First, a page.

Infographics in EducationInfographics are everywhere on the internet, and it’s easy to see why. They are an eye-catching, easily shareable, and engaging way to visually condense complex data in a way that makes it instantly clear and accessible.

While many infographics focus on current events and technology trends, you can also easily find educational infographics on just about every subject, from history, math, and science, to art, literature and world languages. There are many opportunities for incorporating educational infographics into school; whether by using existing or teacher-created visuals, or as a form of assessment by having students create their own.

Using existing infographics

  • An interesting infographic can be a good discussion starter. Have students answer questions about the infographic or make predictions. You can use one in much the same way you would a news article or other source.
  • Show students a fun infographic to introduce a new topic, or to give a broad overview of a new subject.
  • Use an infographic to research a topic. Good infographics often include sources at the bottom; use one as a starting point for more in-depth research.
  • Practice reading charts and interpreting statistics using an infographic.

Have students create their own infographic

There are a number of simple online tools for visualizing data that can make it easy for students to create their own infographics.

  • Make a timeline of historic events
  • Create a step-by-step guide explaining how to do something- how to conduct a science experiment, how to write a book report, how to play a favorite game, etc.
  • Have students research and create an infographic explaining an event, invention, or famous person
  • Brainstorm or visually plan an essay by creating a mind map or flow chart
  • Have students create an infographic about a country using current and historical statistics like population, resources, and growth rates.
  • Create a chart that examines a trend or change over time.

Many of these are typical assignments that students often complete in school, whether by hand-drawing a timeline, pasting together a poster or presentation board, or creating a Powerpoint presentation. Translating these assignments into an infographic can make the experience more relevant, and allow students to explore modern tools and design skills. Students can even share their learning online on one of the many infographic databases, giving their work an authentic audience.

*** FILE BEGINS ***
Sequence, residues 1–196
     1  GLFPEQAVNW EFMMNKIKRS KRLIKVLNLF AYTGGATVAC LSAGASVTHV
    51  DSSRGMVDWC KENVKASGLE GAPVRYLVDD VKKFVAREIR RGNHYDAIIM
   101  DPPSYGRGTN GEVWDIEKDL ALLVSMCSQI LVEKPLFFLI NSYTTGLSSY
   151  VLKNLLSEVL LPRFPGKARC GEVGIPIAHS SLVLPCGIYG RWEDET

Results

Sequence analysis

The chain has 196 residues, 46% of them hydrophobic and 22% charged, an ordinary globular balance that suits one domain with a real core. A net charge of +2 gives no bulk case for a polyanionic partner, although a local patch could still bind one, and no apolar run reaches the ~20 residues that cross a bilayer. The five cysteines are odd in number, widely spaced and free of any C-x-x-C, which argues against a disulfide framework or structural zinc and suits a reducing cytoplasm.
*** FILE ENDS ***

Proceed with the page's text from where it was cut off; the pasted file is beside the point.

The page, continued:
Below you’ll find my favorite places to find interesting infographics, as well as great resources for making your own.

Sources for Educational Infographics

  • Visual.ly- A great source for sharing and finding infographics, with a growing number of tools for creating them.
  • GOOD Infographics- A nice collection of infographics from GOOD Magazine
  • Cool Infographics- Just what the name says! This is a blog featuring many infographics on a range of topics.
  • Visualizing.org- A community for sharing visualizations of data on many topics.
  • LoveInfographics- A nice collection of infographics that are broken down by category, making it easy to find a visual on a specific topic.
  • Gapminder- Many statistics from around the world, broken down by country, as well as ideas and resources for teachers.
  • Google Public Data- Explore and compare public data using Google’s easy visualization tools.
  • Pinterest- Pinterest is a great tool for sharing visuals and you can find many infographics on the site. You can also follow K12’s Educational Infographic board for cool infographics that we find on the web.

Tools for Making Your Own Infographics

  • Easel.ly- Browse visuals and create your own. There are several different customizable themes to get you started.
  • PiktoChart- A simple to use infographic maker with a few themes available for free
  • Many Eyes- Upload your own data, or use statistical data provided to create online visuals
  • Hohli- An easy to use online chart builder for bar graphs, pie charts, and more.
  • Wordle- A simple tool for making word clouds. Word clouds are helpful for showing the main idea of a piece of writing.

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About The Author

Ashley MacQuarrie
Associate Editor
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Ashley MacQuarrie is Associate Editor of Learning Liftoff. She began writing professionally eight years ago and has covered education, technology, current events, pop culture and other topics. A former homeschooler, she studied English and Film & New Media, graduating with a bachelor's degree from San Diego State University. Ashley has classroom experience working with children who have autism and other special needs. She has also tutored students from kindergarten through college and taught English to teens and adults at a language school in London.